Speaker: Monica J. Hughes, DNP, RN, Clinical Assistant Professor, Texas State University St. David's SON
What steps is Texas State University taking to transition to competency-based education?
Monica J. Hughes, DNP, RN: We have created an approach to a thorough mapping of our curriculum. We've assigned one faculty to be domain champion for each of the domains. And then, the rest of the faculty have volunteered for which domain they wanted to work on. And then each team of about four faculty will provide an introduction to that domain over the course of the fall semester. We have it calendared out at curriculum committee meetings. So it's going to follow a certain calendar approach. And then that group, that team for each domain will provide assistance to the rest of the faculty in completing the course mapping on that specific domain. And they will also act as the subject matter experts on that domain, which we're excited about. Because as a team, they'll be able to really sort of delve deep into the meaning of that domain and what it should look like in practice in the educational setting. They're going to develop ideas for assessment and evaluating and teaching of the domain that they're working on. And then that, that will allow the grant faculty to sort of step back a little bit, and take a better look at the compiled results and put together an overall picture of the gaps and the strengths of our curriculum. Then we will be able to seek the, the input of the domain champions on additional methods of teaching and assessment and evaluation on competencies that appear to be weak in our curriculum once we've been able to view the whole thing. And we are also sharing this transition to competency-based education and the Essentials. We're starting this conversation with our clinical partners and letting them know so that they're all aware of the Essentials, and of our move to competency-based education, and how we will want them to be included in the process. And we are also just starting to think about what it will... what it will mean to us as a program to move from sort of a concept-based curriculum to a competency-based curriculum, just continuing to have that conversation with our faculty so that there's better understanding of what competency-based education is.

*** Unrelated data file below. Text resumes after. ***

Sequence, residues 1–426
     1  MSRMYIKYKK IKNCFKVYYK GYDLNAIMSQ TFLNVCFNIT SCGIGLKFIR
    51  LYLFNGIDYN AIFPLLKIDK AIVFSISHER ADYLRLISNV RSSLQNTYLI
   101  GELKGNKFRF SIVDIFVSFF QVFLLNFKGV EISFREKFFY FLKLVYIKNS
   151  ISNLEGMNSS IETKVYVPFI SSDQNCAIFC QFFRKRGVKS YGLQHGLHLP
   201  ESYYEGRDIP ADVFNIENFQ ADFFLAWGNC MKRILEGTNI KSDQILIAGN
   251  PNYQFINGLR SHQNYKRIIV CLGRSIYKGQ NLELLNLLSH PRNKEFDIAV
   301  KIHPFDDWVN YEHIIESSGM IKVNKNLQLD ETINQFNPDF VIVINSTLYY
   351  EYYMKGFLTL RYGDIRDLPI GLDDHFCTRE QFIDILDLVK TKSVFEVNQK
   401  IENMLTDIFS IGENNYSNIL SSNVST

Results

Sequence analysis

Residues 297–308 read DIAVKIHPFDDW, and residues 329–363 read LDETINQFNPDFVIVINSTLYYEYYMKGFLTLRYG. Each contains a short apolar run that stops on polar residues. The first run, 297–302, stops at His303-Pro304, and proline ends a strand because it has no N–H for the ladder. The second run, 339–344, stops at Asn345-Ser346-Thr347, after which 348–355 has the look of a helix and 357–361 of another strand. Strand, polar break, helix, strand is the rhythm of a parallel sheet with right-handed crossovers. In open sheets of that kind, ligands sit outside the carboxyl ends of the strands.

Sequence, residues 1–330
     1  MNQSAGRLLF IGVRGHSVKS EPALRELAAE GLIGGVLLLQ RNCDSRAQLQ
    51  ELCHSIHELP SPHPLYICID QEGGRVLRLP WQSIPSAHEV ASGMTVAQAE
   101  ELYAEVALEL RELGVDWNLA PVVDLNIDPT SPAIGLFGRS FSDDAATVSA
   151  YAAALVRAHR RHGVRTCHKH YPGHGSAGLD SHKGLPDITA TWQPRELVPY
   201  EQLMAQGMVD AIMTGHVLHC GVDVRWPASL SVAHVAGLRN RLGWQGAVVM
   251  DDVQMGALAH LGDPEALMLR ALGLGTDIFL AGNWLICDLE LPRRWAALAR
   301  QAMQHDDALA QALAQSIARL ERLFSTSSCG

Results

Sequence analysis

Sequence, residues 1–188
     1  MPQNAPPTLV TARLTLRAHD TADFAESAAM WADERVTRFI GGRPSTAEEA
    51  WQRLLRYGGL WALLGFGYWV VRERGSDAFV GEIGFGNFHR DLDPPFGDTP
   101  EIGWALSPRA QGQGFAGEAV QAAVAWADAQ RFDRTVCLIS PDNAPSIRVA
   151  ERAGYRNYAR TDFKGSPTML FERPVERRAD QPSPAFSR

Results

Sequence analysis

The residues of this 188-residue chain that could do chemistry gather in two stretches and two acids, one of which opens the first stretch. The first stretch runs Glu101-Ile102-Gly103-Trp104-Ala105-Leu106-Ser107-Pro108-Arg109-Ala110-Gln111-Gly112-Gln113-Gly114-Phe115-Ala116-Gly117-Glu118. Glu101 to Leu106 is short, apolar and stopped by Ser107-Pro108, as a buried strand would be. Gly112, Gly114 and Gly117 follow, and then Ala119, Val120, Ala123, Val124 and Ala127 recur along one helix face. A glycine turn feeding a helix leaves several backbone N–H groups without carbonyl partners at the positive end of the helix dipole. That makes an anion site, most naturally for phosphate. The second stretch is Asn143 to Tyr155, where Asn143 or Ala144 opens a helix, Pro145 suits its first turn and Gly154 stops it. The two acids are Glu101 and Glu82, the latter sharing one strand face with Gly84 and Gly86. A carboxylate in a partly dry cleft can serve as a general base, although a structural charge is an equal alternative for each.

Texas State University's Early Lessons Learned
Monica J. Hughes, DNP, RN: We have learned some early lessons. Most of the faculty didn't know about the AACN changes in 2021. And of course, CBE competency-based education is, is mostly new to us as faculty. So didn't understand what CBE is, and they were also were unfamiliar with mapping courses in general, and didn't know how to do that with the new Essentials. When we asked for courses to be mapped, and to indicate how the sub-competency was assessed within a course, many were coming back indicating that it was assessed in their course just because it was, you know, mentioned once in a lecture or something like that. So that was a learning curve. It's a little bit challenging to get faculty to think in a new way about demonstration of competency, and to get away from that sort of traditional approach. So that's been a lesson that we learned. We've also learned our curriculum is sort of owned by the faculty and going through the process of mapping has provided a lot of insight and knowledge to all of the faculty in the program as we all learn more about our total curriculum. So we really had a very siloed approach. So even though the curriculum was owned by the faculty, we really were only experts in our own course and didn't have an idea of how our course fit within the whole program. So this is a lesson that we're learning. So for the first time, really starting to kind of have our eyes open to our, to our whole curriculum. And faculty carry very heavy workloads. So engaging faculty in this work is challenging - that has been a lesson. It's also been a lesson, an important lesson to learn how important it is that leadership really support and buy into the work that's being done so that we have an advocate at a higher level of authority who is repeating sort of the importance of the work that's being done, the importance of the timeline and sort of helping us as grant faculty hold the other faculty accountable for the assignments.
What domain of nursing practice is Texas State University focusing on in addition to population health?
Monica J. Hughes, DNP, RN: In addition to population health, domain three, we are focusing on domain 10: personal and professional leadership and development. We chose this domain because we have seen so many students struggle with developing and maintaining resilience and who become really overly frustrated by ambiguity and change. They have a very prescriptive approach and that is challenging for them to thrive in an environment in the education and in practice, right? So, we feel really strongly that we want to help our students develop in these areas. We want them to either maintain or reignite that curiosity, and that desire for learning about nursing and nursing practice that they had when they very first decided to go to nursing school. In all of the practice settings and within every context of nursing practice, we find that they kind of lose over the course of the program. So reigniting that and helping them to maintain that, we also chose this domain because as faculty, we need to do a better job of really intentionally demonstrating self-care and wellness behaviors and practicing more care in our own interpersonal skills, how conflict is managed between us as faculty, our own ability to self-reflect and redirect our behavior, and this is really essential for the sake of the well-being of the entire faculty as well as our ability to be better mentors and role models for students. And we really can't preach to them these behaviors if we aren't excellent in demonstrating that we do them as well.